Posts Tagged thinkpad
More images in the Lenovo Thinkpad X240 image gallery.
The Lenovo Thinkpad X240 has the opportunity to be a classic mobile road-warrior device. With hot-swap battery configurations up to nearly 100Wh and Haswell processors you can expect the best battery life of anything at this screen size. Rugged build, multiple options and upgrades ensure you’ll get a product that matches your road-warrior requirements. Does it all add up to the best business-level ultraportable on the market? Read on to find out.
If you’re looking for a solid business-focused 12.5-inch Ultrabook, there’s only one choice. The Lenovo X240 comes in the usual wide range of screen resolutions, CPU’s, memory and batteries but the KVM experience, that’s the keyboard, video and mouse, are superb on all versions. I had some hands-on time at IDF this week.
The T440s is a business Ultrabook that offers some unique features. The 1920×1080 matt screen with touch is rare, as is the hot-swap battery feature. A 24Wh battery lives in the unit and there’s a selection of 24Wh, 47Wh and 72Wh battery packs that can be added to that. With Haswell and the extended battery you’ve got some very impressive battery life in a 2KG package.
Lenovo launched five new Thinkpads today. We’re taking a closer look at each one in turn. First-up is what we consider to be the one that embraces what we love about Ultrabooks. High mobility, long battery life and lots of technology that helps to ‘get things done.’ The Lenovo Thinkpad X240 will replace the X230 and offer Ultrabook builds on the 15W TDP Haswell processors.
If you’re using your laptop primarily to ‘get things done’ then you’ll have a couple of things at the top of your wish list. Large screen, perfect working fascia and battery life; You’ll probably also be prepared to take a hit on style or even weight for the right product. The Lenovocould be just what you’re looking for. A 9hr, 15” laptop with the Thinkpad KWM fascia and Ultrabook advantage. One thing to be aware of though is that this ‘new’ Ultrabook is based on older standards.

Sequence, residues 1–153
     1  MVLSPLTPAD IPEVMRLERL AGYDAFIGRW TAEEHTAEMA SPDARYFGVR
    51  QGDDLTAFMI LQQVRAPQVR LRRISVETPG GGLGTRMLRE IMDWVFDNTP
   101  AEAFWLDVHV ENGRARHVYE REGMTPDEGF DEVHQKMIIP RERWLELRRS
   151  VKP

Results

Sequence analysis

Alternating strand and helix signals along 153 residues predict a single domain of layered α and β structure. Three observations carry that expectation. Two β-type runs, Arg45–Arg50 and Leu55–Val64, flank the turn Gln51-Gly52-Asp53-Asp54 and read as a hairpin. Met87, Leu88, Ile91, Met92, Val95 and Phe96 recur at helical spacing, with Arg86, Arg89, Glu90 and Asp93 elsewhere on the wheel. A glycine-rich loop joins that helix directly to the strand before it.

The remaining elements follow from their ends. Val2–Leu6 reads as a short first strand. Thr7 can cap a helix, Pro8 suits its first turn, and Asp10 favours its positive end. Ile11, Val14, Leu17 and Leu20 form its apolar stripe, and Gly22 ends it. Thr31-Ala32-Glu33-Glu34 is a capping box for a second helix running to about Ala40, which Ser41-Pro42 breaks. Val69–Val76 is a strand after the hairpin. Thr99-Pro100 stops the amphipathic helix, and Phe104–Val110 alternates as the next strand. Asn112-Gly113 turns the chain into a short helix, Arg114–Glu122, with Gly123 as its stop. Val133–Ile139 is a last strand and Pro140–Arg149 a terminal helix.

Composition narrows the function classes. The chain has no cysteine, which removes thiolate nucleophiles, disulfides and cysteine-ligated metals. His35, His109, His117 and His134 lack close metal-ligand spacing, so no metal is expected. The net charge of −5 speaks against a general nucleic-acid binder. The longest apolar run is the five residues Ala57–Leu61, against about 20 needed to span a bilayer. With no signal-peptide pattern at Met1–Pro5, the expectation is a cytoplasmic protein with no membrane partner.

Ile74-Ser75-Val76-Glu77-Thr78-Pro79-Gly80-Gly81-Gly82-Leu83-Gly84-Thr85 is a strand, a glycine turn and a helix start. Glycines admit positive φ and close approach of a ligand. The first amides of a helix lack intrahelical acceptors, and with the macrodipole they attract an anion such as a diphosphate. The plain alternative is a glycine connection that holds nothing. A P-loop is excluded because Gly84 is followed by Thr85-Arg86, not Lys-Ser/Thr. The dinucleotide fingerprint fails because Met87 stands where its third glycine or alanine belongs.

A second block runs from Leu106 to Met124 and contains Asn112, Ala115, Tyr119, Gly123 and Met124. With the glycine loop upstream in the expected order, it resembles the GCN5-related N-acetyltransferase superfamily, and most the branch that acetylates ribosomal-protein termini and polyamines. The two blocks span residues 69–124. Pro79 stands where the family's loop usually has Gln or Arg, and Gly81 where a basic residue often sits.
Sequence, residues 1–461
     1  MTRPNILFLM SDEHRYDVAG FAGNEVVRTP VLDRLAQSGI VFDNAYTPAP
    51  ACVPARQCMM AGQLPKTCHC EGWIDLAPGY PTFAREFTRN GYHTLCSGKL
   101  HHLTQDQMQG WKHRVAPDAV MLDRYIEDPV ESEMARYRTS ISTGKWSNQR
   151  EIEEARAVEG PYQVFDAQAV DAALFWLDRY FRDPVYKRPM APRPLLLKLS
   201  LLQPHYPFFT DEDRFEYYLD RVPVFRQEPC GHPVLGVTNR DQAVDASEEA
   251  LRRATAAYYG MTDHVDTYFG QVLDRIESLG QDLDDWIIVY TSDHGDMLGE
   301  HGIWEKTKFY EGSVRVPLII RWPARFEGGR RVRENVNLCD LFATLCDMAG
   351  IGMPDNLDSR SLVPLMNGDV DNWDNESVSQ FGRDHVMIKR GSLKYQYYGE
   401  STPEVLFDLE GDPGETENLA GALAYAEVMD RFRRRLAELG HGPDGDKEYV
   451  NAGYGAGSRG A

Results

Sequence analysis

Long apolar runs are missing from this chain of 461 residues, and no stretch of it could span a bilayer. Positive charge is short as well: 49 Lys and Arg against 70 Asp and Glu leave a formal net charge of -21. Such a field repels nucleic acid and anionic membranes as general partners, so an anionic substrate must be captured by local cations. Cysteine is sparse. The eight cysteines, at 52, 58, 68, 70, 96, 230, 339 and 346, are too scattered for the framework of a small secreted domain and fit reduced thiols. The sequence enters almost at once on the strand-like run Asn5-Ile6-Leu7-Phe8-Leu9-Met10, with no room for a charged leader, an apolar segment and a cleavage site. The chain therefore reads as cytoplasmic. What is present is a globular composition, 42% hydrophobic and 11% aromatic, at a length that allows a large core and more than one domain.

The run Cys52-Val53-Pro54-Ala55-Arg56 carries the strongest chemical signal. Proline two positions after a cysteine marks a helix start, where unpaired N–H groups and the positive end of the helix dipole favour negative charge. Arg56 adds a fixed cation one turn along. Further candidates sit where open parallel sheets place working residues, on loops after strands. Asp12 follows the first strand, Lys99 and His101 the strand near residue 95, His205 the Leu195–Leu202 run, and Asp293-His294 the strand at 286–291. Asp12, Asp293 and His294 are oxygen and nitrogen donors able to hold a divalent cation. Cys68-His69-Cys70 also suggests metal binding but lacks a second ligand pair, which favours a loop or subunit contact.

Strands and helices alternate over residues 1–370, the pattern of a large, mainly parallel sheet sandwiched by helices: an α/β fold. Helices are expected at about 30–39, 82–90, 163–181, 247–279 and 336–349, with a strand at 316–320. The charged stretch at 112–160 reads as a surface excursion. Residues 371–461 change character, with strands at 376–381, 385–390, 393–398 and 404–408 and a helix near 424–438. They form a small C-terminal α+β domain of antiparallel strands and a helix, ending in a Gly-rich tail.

What a pleasure it has been to test this high quality Ultrabook. What a disappointment it is though to see software affecting the experience. The Lenovo Thinkpad Carbon X1 review is below.
Model tested: 3460-2SG S, a European model with 3G that retails for about €1749 and about $1750 when configured at Lenovo USA.
In a search for Core 2nd and 3rd Generation Laptop under 2.5KG with hybrid HDD or SSD (that pretty much summarizes the Ultrabook category these days) I was interested to see the Lenovo Thinkpad E130 show up as the cheapest Ivy Bridge option on the market. €541. I had to double check but sure enough, there’s a hybrid SSD inside which shows what effect the Ultrabook is having on the mainstream laptop market. Why isn’t it an Ultrabook? It’s 23mm thick, 5mm over the maximum thickness for an Ultrabook. There’s a good reason for that and it might just be what you’re looking for.
Thanks to Lenovo I’ve got the Lenovo Thinkpad X1 Carbon here. It’s a high-end productivity and security-focused Ultrabook and the first Ultrabook I’ve tested with 3G capability. A 256GB SSD and a VPro-capable Core i5-3427U 1.8Ghz CPU along with 8GB of RAM make for an impressive set of specs. The setup being tested here comes with Win 7 Pro a fingerprint reader and has a list price of €2276 although it’s available for around 1800-1900 Euros on the ‘street.’
The X1 is probably the most referenced laptop by commenters on Ultrabook News so I’m sure many of you will be excited to know that it’s being updated and will be offered, alongside the original X1, as the Lenovo Thinkpad X1 Carbon. This isn’t just an Ivy Bridge CPU/GPU update, it’s a full re-work that brings it down to under 3lbs in weight. That’s about 1.35 KG, for a 14” Ultrabook.